3. Phased implementation is described on PDF page 57: "The Consultant shall develop an incremental plan as directed by the Authority to construct the project over a phased implementation schedule, dependent on funding. The Consultant shall recommend appropriate construction elements for each increment of implementation. This plan shall identify operable project segments or elements of the HSR infrastructure (such as grade separations) that could be constructed early and bring near-term project benefits to existing freight rail and conventional passenger rail services, as well as other increments of construction to build out the full set of improvements over a phased implementation plan."  The peninsula corridor is uniquely suited to a number of construction packages to be built independently from each other.
  4. San Jose is no longer an artificial boundary between two project sections.  This has been a weakness in the past, with insufficient coordination to optimize the configuration of the station and its approaches because each end was being handled by a different consultant.  With the same consultant handling both ends of San Jose, sanity may finally prevail with a shared at-grade solution.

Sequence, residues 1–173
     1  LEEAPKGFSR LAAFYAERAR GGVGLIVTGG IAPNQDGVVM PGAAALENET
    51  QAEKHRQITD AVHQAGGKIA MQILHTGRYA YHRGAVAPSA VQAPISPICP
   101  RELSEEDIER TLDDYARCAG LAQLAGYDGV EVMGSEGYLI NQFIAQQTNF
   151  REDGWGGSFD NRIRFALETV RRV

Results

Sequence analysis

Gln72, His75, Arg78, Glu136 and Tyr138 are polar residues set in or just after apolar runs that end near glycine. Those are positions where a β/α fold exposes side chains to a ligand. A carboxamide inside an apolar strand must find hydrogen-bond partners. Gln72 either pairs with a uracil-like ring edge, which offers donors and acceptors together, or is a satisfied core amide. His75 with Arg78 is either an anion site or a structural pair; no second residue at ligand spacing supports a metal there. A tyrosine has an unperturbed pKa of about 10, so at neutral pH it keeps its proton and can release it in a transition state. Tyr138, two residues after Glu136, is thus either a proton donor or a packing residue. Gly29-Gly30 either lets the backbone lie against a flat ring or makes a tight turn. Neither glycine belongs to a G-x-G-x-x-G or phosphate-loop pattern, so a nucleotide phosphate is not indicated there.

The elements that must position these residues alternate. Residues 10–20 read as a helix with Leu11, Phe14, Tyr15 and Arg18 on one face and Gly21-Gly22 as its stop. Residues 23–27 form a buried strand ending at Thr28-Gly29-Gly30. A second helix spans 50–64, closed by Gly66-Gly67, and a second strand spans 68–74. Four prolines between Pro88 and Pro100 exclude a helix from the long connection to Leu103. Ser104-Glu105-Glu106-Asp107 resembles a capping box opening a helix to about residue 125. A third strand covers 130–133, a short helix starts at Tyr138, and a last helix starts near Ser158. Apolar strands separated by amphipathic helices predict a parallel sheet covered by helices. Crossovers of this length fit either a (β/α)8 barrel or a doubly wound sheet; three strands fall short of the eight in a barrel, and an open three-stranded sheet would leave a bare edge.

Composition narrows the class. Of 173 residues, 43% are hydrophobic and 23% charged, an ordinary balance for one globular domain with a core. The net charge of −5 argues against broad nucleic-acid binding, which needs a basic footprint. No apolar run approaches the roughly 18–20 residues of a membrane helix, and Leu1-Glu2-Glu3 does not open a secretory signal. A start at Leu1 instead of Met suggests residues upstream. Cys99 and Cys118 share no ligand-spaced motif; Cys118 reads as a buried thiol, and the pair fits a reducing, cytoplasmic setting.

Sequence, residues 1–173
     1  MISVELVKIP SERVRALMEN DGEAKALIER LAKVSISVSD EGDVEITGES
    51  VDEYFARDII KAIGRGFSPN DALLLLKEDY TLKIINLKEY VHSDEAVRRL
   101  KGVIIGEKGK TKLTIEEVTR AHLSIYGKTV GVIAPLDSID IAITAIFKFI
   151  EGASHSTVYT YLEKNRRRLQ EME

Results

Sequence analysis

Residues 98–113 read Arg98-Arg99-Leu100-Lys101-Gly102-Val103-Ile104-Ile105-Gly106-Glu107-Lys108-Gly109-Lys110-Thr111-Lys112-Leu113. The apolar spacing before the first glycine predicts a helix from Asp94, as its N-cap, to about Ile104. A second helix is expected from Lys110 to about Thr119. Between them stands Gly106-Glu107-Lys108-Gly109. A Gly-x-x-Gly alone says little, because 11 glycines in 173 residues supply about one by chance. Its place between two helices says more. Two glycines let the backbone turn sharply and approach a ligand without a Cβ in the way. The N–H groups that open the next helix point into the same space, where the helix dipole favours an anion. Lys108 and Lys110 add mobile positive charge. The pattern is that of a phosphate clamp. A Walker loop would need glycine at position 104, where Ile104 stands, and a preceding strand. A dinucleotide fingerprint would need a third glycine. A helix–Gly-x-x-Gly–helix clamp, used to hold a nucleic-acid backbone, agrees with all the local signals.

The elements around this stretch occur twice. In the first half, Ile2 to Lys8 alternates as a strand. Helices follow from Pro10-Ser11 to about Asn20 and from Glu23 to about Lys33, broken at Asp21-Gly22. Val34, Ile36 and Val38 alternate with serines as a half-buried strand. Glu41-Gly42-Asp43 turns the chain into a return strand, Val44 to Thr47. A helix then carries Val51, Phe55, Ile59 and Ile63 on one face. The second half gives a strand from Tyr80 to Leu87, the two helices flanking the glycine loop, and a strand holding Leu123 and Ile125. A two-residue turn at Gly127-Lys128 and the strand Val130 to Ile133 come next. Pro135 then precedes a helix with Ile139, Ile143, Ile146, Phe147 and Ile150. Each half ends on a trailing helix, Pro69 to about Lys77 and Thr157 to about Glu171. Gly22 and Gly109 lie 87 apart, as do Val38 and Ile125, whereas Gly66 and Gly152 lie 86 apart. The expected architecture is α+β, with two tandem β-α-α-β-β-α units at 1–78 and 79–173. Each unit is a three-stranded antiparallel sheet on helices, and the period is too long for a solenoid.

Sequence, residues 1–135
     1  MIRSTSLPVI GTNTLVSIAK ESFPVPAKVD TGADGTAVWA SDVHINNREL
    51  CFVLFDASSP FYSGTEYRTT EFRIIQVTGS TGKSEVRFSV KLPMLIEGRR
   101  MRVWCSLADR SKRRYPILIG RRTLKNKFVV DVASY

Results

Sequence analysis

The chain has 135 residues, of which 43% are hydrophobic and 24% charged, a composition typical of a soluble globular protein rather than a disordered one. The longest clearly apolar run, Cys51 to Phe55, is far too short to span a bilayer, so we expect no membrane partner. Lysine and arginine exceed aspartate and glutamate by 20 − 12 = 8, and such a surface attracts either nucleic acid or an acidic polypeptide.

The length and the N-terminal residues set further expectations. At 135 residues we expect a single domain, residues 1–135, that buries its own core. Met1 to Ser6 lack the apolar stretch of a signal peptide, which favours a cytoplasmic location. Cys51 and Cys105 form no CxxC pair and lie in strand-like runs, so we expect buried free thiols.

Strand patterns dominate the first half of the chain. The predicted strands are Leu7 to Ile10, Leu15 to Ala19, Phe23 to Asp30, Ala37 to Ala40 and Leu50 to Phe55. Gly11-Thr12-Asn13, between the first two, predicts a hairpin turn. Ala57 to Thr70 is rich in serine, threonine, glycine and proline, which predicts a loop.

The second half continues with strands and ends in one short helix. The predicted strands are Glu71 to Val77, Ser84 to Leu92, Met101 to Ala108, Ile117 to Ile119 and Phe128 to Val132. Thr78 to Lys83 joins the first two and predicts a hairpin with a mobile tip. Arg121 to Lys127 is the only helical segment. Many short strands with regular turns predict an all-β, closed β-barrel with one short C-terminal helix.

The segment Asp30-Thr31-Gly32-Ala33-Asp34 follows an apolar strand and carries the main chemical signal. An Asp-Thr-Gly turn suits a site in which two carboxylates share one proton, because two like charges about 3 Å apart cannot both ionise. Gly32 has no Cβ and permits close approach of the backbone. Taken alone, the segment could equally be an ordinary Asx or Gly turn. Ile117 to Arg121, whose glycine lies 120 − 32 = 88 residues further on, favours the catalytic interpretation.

5. Level boarding planned for Caltrain, on PDF page 60: "Platform design for level boarding at all Caltrain stations will be required."  Even if not at the same height as selected for HSR, level boarding is a prerequisite for the blended system, to improve the average speed and punctuality of Caltrain.
  6. A temporary San Francisco terminal is planned at 4th and King.  The mere idea of it illustrates the frosty relationship between the CHSRA and San Francisco's TJPA, but also helps to satisfy the requirement for a 30-minute trip from San Francisco to San Jose, a threshold of great legal significance that is embedded in the Proposition 1A bond act.  Starting from 4th and King, rather than from the Transbay Transit Center, running at no more than 110 mph, and counting only pure run time (with no timetable margin), the 30-minute run becomes feasible.
EIR Cost Magnitudes